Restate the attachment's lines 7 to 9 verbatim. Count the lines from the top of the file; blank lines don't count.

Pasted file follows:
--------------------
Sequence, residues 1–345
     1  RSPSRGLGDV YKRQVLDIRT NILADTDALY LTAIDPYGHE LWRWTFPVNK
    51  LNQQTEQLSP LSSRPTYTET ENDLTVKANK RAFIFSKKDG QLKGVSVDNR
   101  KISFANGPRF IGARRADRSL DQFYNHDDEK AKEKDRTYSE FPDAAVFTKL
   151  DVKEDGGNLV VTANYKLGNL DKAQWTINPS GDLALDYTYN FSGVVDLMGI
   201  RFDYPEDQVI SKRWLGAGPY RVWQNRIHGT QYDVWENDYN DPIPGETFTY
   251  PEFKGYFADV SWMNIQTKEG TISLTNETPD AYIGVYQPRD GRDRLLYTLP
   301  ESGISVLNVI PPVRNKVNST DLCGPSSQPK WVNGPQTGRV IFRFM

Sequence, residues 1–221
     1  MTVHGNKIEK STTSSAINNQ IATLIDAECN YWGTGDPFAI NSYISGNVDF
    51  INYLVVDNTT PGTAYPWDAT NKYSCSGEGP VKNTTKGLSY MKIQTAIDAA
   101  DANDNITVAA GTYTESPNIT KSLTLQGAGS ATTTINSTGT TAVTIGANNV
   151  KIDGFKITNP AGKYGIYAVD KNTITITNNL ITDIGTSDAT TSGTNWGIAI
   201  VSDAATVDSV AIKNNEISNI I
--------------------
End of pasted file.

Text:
   251  PEFKGYFADV SWMNIQTKEG TISLTNETPD AYIGVYQPRD GRDRLLYTLP
   301  ESGISVLNVI PPVRNKVNST DLCGPSSQPK WVNGPQTGRV IFRFM

Sequence, residues 1–221